goodwillhunting wrote:tgir, I heard that only a small number of students live in Yale housing (either a dorm or Yale-owned apartment). Is that by choice (as in, no one wants to live in Yale housing) or because there are few slots available for YLS people? It seems like the rent is much lower at Yale housing than at private-owned ones.
Also, I think a lot of people might be interested in this given the huge number of cross-admits: how would you compare Yale and Harvard if I want to study corporate law? I've talked to some non-law school people so far, and they've all brought up the fact that Harvard has higher ranked and bigger economics department and business school (I don't know how that might affect the study of corporate law at the law school).
It's a combination of both factors. The problem really isn't that there aren't enough slots; rather, there aren't enough slots worth choosing. Yale undergrads have everything totally set for them, but Yale grad housing is iffy. Yale owns a ton of little properties around New Haven, along with a few big complexes. In the admitted student binder, there will be links to a website that shows all these options. If you look into things early and are proactive, there shouldn't be any problem whatsoever finding Yale housing. But most people just avoid it altogether because non-Yale options are better. Yes, there are some very cheap Yale rentals, but keep in mind that these tend to be old, small, dorm-like setups--in other words, you'll be living like you're in college. If you want a kitchen and some other basic amenities, Yale stuff gets as expensive as anywhere else. Lots of people go for "the towers," which is a collective term for several highrise complexes downtown. In my view, these places aren't worth the price. People will pay upwards of $1500 for some one-bedrooms. But they are very nice, and convenient if you want to be very involved in the 1L social scene. I would look more broadly, though, to regions north of campus, like East Rock or the Prospect St. corridor. A typical East Rock rental is like a 3-bedroom apartment in a house, with rent in the $2000 range ($600-800 per person). The most important thing to keep in mind is that New Haven has an amazing diversity of housing options, in terms of price, location, size, age, and amenities. Don't just jump on the first reasonable deal that comes your way, unless you've explored all the options.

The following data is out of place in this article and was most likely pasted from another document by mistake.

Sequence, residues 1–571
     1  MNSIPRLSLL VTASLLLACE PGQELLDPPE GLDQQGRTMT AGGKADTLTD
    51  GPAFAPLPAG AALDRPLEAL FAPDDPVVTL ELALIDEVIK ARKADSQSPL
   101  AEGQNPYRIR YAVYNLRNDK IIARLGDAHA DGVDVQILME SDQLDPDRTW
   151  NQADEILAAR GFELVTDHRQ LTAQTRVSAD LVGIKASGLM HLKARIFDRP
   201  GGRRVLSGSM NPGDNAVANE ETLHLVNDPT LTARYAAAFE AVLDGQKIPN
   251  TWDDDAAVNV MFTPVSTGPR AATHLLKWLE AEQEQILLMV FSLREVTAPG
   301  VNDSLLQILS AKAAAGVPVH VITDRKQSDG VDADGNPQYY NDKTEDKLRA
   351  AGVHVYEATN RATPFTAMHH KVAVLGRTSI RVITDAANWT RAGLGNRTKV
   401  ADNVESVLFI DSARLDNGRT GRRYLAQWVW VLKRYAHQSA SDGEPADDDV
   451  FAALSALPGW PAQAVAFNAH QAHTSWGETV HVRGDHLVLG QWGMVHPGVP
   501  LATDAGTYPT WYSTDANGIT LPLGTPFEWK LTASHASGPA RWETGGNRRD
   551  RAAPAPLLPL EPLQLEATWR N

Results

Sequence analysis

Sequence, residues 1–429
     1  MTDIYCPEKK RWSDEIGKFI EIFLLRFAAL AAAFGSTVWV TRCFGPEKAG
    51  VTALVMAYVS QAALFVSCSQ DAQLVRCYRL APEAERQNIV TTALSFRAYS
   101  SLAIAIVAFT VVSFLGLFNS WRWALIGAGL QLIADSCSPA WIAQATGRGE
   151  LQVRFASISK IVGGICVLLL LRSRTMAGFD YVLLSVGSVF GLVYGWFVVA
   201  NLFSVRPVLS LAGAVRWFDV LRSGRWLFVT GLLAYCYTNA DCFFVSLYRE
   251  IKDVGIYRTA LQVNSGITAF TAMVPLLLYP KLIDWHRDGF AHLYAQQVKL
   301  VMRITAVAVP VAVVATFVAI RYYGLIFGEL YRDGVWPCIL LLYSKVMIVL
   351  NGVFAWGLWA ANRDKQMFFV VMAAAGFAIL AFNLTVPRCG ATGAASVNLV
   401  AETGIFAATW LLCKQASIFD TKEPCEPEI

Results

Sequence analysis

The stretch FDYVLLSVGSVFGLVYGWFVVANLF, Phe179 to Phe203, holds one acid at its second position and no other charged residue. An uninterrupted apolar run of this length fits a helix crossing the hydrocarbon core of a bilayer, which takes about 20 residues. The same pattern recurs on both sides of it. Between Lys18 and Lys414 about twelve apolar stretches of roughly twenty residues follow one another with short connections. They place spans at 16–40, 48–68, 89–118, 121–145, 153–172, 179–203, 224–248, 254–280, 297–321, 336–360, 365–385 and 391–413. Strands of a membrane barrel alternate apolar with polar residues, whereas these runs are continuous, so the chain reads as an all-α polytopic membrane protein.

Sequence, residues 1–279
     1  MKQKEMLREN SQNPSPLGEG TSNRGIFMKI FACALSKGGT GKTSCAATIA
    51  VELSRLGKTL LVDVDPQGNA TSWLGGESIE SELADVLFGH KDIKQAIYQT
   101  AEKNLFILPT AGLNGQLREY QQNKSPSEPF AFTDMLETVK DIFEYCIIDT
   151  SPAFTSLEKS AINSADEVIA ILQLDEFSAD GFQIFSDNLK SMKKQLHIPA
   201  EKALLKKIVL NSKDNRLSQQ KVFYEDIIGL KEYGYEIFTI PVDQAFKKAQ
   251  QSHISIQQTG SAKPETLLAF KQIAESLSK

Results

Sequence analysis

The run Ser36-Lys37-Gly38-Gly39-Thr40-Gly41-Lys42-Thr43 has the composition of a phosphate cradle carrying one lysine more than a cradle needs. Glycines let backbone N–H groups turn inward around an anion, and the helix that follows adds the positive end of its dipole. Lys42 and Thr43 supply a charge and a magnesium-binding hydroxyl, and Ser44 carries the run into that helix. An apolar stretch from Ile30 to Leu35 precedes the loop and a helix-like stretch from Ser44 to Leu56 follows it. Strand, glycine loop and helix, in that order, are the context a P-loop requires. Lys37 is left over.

If you ask me, Harvard's econ department and business school should be nearly irrelevant in your calculation. There are indeed some opportunities to cross-register, but my impression has been that this is quite rare at both schools and, more importantly, of little importance in terms of how marketable you are to employers. That said, if you're planning to do JD/MBA (not counting nonprofit MBA stuff, where Yale SOM does quite well), Harvard is the clear choice--although, as you've probably noticed elsewhere on TLS, most people think that a JD/MBA does not lead to corporate law any more than a plain old JD does. Both schools have sufficient course offerings in corporate law and are amazingly well connected to the corporate law pipelines. I can't imagine a hiring committee at a corporate law firm thinking, "I wonder if he went to Yale because he's not actually as interested in corporate law as those Harvard folks...." Yale has the academic/too-good-for-firms reputation, yes, but firms still loooooove to hire YLSers. If you take the basic corporate courses and can tell a story about why you want to be a corporate lawyer, Yale may actually be better than Harvard for bagging a corporate job (smaller class, etc.).
Perhaps I might be misunderstanding your question, though. If you want to study corporate law for the purpose of studying corporate law, there will almost certainly be more course offerings at Harvard (as with any area of law). For me, that wouldn't be a big consideration, especially since Yale has got all the biggies covered anyway. And if you have a strong intellectual (dare I say academic?) interest in corporate law, I'm sure someone can link you to evidence of Yale's superior performance in legal academia.